Hinduism: beliefs about life after death
Death is the one thing in life we can be sure about and that is why religions have beliefs about what it means! Everything else 'might' happen to us: we might get married, be rich, be happy, have children, open our own business or travel the world, but the only real certainty is that we will die.
It is not surprising that people have always asked questions about what, if anything, happens after they die.
Although some people claim to have had 'near-death experiences' (NDEs), and others claim to be able to talk to the dead, or to have seen ghosts, there is no scientific proof that such experiences actually provide a glimpse into a possible afterlife. It is possible, therefore, that when people die, they simply stop living and that there is nothing beyond this life.
Ideas about what happens after death, and its connection with how life is lived on earth, is a fundamental part of all religions. The details may differ between religions, but belief in an afterlife almost always:
Hinduism teaches that any attempt to find permanent happiness in this world is maya (an illusion). Hindus believe that a person's atman (spirit) is permanent and cannot change while the physical body is not permanent and can change. The atman [Atman: Self. The real self, the soul. ] is reborn many times, this is samsara (reincarnation).
As a man casts off his worn-out clothes and takes on other new ones, so does the embodied soul cast off his worn-out bodies and enters other new.
Bhagavad Gita 2:22
Death is a natural event so that the atman can move nearer the ultimate release from rebirth, moksha.
For sure is the death of all that comes to birth, sure is the birth of all that dies. So in a matter that no one can prevent thou hast no cause to grieve.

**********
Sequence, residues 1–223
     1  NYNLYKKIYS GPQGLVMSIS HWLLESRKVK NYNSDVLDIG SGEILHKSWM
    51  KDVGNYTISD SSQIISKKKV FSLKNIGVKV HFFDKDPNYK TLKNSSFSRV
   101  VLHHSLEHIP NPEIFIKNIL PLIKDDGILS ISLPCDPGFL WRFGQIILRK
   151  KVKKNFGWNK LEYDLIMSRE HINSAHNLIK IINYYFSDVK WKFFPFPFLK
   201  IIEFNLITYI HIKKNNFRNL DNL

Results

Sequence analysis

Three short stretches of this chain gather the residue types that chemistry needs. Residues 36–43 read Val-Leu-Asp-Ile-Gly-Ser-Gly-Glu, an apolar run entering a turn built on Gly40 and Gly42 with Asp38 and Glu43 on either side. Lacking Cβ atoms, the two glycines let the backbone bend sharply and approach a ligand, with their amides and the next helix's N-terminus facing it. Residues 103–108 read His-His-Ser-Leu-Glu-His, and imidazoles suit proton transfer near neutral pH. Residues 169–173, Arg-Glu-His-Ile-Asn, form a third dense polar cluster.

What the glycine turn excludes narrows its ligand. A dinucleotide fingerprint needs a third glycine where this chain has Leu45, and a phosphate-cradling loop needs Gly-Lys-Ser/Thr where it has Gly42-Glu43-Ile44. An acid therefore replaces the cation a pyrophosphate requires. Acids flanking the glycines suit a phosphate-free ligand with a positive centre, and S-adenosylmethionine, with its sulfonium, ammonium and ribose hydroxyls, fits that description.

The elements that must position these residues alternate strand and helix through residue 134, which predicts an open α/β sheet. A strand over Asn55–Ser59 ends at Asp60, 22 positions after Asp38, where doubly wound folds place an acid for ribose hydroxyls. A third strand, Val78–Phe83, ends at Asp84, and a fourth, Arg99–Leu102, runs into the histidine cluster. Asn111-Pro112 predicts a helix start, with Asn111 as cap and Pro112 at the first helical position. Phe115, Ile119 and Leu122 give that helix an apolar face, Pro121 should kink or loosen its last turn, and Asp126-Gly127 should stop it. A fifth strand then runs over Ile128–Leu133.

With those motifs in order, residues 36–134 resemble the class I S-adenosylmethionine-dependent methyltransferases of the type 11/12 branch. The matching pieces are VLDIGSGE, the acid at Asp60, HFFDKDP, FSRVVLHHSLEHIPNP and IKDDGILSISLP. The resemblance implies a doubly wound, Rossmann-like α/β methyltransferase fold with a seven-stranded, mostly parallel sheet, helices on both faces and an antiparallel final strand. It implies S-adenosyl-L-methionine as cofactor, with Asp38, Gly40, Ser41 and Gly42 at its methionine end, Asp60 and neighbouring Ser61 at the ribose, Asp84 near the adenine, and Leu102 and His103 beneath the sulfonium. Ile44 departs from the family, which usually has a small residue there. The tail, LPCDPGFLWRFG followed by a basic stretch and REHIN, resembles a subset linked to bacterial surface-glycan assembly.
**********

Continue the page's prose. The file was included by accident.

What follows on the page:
Bhagavad Gita 2:27
Each group in society (varna) has its own dharma or duties which must be followed.
The speed with which a person can be freed from samsara [Samsara: The world - the place where transmigration (the soul's passage through a series of lives in different species) occurs. ] is dependent on karma, which is the law of cause and effect which teaches that all actions have corresponding results. The following terms are important:
When the atman finally reaches moksha [Moksha: Ultimate liberation from the process of transmigration, the continuous cycle of birth and death. ] it can rest:
'Coming right nigh to Me, these great of soul, are never born again. For rebirth is full of suffering, knows nothing that abides: free from it now they attain the all-highest prize.'
Bhagavad Gita 8:15
Euthanasia and suicide are both attempts to shorten life, and there is a variety of views about them among Hindus.
Most Hindus would say that a doctor should not accept a patient's request for euthanasia since this will cause the soul and body to be separated at an unnatural time. The result will change the karma of both doctor and patient.
Other Hindus believe that euthanasia cannot be allowed because it breaches the teaching of ahimsa (doing no harm).
However, some Hindus say that by helping to end a painful life a person is performing a good deed and so fulfilling their moral obligations.
A Hindu who is very old or very ill may decide for themselves that the right time has come for death by choosing to stop eating or drinking. This act of renouncing the world shows that the Hindu realises that the world is not as important as it appears. This method of choosing death is often admired as a sign of great holiness.
The suicide of people who take their own lives because they are depressed or feel hopeless is not acceptable to Hindus, unless they took their lives as self-sacrifice or because they cannot live without someone who has just died.
The one who tries to escape from the trials of life by committing suicide will suffer even more in the next life.
Yajur Veda 40-43